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5 Captivating Flowers To Plant In November For Blooms Next Season

5 Captivating Flowers To Plant In November For Blooms Next Season

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There aren’t many gardening tasks to complete in November but this is a great time to plan next season’s garden. Some plants that produce blossoms during the warmer months may need a chilling period after you sow the seeds.

And guess what, if you start them in your outdoor garden in late fall, they’ll establish well until the temperatures rise again.

Selecting the plants should always include checking their hardiness zones, so if you live in harsh climates, you can start the seeds in containers outdoors. 

In this article, I’ll show you some breathtaking flowers to plant in November, their features, and the planting and growing process.

Let’s get started!

1. Sea Holly

If you want flowers in your bed from June through September, Sea holly is the perfect choice. This prolific bloomer generates splendid spiky silverish-blue flowers. 

The main benefit of planting Sea holly in November is that the plant will develop clumps and have a robust root system when the flowering season begins.

The seeds of this lovely plant must go through the chilling process for successful germination. You should sow the Sea holly seeds in free-draining soil because the plant doesn’t tolerate wet growing medium.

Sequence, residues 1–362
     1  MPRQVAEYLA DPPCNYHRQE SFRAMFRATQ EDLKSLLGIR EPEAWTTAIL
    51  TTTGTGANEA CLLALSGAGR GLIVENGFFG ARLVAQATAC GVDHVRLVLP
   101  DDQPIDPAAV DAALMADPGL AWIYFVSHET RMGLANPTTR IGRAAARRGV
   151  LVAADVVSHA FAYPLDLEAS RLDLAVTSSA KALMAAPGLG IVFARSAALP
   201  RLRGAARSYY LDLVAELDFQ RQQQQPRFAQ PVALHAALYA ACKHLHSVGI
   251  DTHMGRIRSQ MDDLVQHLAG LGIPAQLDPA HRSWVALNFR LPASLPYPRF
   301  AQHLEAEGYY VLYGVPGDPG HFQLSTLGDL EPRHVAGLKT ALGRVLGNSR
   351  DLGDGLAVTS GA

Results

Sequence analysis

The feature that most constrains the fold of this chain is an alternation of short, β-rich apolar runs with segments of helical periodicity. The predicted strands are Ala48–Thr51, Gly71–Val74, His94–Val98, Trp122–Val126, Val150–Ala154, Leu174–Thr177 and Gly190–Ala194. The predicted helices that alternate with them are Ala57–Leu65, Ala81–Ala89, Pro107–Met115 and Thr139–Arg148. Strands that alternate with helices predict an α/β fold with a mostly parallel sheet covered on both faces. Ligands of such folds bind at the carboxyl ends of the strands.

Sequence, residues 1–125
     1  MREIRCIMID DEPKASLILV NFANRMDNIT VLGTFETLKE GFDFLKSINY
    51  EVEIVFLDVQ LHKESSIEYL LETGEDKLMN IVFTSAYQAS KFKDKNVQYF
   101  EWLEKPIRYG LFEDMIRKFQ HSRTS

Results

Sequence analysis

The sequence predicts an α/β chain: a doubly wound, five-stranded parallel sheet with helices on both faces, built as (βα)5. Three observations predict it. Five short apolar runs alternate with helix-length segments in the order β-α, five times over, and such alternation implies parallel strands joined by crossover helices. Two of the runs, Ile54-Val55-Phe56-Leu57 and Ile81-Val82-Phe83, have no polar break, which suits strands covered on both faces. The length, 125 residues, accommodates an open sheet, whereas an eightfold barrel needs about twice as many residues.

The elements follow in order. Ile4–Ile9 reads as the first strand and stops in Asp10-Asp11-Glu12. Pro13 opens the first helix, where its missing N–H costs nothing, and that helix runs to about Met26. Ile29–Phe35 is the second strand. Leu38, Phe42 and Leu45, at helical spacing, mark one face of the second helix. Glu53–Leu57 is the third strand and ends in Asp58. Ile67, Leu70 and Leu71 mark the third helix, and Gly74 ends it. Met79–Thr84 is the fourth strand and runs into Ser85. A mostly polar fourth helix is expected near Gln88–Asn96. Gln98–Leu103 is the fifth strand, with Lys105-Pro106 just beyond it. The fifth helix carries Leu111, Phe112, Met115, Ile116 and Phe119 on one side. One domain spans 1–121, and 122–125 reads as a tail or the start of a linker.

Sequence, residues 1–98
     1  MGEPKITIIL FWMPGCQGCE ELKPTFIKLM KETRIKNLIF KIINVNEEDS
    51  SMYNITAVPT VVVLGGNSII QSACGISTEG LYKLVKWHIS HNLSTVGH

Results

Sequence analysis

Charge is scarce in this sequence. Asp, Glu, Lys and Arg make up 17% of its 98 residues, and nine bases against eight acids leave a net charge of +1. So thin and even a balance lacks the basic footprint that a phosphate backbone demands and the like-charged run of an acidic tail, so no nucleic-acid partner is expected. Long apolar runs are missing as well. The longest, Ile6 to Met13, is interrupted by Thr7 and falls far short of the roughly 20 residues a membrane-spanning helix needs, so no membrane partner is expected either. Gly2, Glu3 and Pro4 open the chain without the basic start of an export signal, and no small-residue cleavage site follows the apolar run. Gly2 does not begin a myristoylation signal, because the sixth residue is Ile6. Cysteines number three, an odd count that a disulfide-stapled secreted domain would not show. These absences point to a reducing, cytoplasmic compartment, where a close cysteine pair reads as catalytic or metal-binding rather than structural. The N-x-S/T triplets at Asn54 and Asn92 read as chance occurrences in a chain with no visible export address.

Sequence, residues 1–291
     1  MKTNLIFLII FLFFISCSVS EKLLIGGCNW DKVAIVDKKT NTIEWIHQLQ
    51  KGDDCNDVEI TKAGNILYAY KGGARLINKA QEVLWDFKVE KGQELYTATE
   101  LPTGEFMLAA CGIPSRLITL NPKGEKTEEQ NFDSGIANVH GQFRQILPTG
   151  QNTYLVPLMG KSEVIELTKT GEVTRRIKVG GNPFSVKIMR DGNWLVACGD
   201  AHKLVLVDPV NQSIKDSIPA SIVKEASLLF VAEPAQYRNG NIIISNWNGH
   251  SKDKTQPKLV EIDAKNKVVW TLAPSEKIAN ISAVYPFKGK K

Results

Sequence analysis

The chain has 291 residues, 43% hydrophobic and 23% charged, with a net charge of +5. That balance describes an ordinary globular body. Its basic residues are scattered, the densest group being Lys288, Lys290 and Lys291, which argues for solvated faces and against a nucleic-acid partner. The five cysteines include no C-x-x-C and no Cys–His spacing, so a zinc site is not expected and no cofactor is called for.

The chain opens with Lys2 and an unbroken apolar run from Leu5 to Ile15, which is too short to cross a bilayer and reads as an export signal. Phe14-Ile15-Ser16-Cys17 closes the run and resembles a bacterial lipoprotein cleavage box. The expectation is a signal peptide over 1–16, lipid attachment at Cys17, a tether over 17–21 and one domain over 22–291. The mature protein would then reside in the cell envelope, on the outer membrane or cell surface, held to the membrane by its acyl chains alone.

This plant does best when started directly in the ground in USDA zones 5 through 9. This drought-tolerant perennial isn’t finicky about growing conditions and as long as you plant it in sandy soil and give it enough light, it will reward you with an abundance of blooms.

It is possible to start the seeds of these species indoors, but you’ll need to ensure the chilling period. You can put the seeds in a refrigerator and keep them there for approximately a month.

Then, sow them in smaller pots filled with quick-draining potting mix and replant them in your outdoor garden when the spring arrives

2. Hellebores

Many growers put their garden beds to sleep during the winter. The main reason for this is that there aren’t really many flowering plants that bloom during the colder months.

But if you want to start a winter garden, then you should plant Hellebore. It’s one of the plants that will keep your garden vibrant during the winter.

The blossoms are cup-shaped and come in various hues, and they combine perfectly with glossy green foliage. They’ll definitely add an elegant touch to your garden and they’re super easy to maintain, so they’re suitable for beginner gardeners. 

If you live in warmer climates, some varieties such as Christmas rose and Lenten rose can produce blossoms in December. Those who live in colder regions can expect the blooms as soon as the spring arrives. 

Hellebore species thrive in well-draining alkaline growing mediums rich in organic matter. Hellebores are shade-loving perennials and won’t tolerate any exposure to full sun.

I have to mention that too low temperatures can damage foliage and some Hellebore varieties are very sensitive to frost, so it would be best to plant and keep them in containers. 

This gardening method allows you to move your plants in order to protect them from damage caused by harsh weather.